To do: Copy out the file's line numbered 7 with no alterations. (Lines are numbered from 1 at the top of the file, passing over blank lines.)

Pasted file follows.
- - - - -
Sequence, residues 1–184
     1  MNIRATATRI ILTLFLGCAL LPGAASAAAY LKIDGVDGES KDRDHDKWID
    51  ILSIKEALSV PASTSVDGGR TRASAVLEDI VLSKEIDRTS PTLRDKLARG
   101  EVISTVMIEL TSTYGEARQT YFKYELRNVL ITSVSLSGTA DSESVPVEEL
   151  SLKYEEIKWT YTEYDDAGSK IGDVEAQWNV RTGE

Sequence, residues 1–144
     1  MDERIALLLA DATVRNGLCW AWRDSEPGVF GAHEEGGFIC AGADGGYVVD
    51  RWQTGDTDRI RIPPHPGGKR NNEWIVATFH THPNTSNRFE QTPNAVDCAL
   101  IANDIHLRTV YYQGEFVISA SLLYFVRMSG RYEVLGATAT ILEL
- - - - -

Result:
     1  MDERIALLLA DATVRNGLCW AWRDSEPGVF GAHEEGGFIC AGADGGYVVD